Our parliamentarians are sharp enough to refer to years-old constitutional documents when it comes to their personal gains. They, however, should also remember that their country has been in a state of war for more than a decade now. We are still mourning the death of 70,000 precious countrymen. Our material damages have gone over $107 billion. A huge number of IDPs who are languishing in camps are still waiting to go home in the hope of a better tomorrow. Have we ever thought of sharing the miseries they are faced with? Have we ever asked them how they spend days in the scorching heat of the summer and the harsh cold of the freezing winter under the open sky in their tented houses?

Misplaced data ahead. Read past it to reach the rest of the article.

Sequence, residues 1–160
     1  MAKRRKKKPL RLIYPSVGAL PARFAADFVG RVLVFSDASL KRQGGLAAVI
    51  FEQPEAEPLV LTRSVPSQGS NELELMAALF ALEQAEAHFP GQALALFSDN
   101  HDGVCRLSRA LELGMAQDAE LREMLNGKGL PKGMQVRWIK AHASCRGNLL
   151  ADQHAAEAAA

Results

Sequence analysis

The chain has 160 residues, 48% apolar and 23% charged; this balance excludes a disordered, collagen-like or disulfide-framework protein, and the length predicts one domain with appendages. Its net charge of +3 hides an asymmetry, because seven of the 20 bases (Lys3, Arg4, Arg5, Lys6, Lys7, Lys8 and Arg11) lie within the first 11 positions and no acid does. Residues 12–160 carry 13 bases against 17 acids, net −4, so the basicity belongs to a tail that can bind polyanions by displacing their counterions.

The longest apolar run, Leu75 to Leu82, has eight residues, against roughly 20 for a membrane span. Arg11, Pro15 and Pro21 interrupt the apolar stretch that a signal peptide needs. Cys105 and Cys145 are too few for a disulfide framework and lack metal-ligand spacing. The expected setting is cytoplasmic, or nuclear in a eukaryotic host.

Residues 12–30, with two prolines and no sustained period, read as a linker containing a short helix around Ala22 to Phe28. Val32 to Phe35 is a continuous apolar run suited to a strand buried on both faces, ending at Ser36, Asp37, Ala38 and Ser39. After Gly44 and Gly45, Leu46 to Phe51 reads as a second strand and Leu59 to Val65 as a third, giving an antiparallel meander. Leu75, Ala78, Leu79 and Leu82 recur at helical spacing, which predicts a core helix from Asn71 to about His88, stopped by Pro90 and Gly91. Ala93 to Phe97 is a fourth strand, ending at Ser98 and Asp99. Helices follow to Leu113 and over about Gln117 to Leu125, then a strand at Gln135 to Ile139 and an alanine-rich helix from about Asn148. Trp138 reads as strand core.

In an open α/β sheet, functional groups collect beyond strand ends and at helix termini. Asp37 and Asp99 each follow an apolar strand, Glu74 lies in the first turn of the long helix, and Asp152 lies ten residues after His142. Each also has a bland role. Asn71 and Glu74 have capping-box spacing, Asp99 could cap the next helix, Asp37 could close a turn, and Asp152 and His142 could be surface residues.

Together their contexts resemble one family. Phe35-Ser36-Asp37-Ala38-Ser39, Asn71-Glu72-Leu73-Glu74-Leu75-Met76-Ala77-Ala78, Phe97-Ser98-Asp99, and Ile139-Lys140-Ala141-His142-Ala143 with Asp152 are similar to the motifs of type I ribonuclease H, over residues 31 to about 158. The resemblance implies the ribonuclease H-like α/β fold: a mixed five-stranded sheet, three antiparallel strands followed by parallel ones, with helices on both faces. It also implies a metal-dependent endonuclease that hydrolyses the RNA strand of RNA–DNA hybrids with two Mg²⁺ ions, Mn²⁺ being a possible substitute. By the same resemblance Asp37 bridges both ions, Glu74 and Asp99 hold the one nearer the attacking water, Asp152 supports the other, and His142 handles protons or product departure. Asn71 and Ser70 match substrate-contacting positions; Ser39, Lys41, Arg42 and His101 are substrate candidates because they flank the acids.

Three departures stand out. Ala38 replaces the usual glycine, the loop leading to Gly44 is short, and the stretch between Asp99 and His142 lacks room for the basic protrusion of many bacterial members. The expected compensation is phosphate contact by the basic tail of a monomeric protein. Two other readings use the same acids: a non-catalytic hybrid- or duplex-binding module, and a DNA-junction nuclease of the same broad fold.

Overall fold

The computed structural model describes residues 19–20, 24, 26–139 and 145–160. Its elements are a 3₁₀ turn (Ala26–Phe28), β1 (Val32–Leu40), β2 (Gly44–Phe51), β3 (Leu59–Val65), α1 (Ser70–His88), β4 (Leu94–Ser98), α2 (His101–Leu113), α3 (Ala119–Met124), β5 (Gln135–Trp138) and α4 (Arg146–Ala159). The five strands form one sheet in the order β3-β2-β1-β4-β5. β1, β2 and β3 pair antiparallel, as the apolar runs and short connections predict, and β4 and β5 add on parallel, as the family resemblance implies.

Why do we forget that forty percent of the people in the country are living below the poverty line with incomes less than two dollars a day? Have we ever thought of the poor labourers who commit suicide when they fail to feed their families?

Our legislators have hardly been seen to be this quick in framing laws for the millions of out-of-school children who are forced into bonded labour. A motion pertaining to their own perks and privileges took them no seconds to propose. On the other hand, the Child Protection (Criminal Laws) Amendment Bill has in the pipeline for the last almost 10 years but we still have to wait and see how it moves forward. If the increase in perks and privileges is to be given to the parliamentarians for the great job they are doing on the legislative front, then what about those honourable parliamentarians who stay mum year after year with hardly a word to say on the floor of the august House?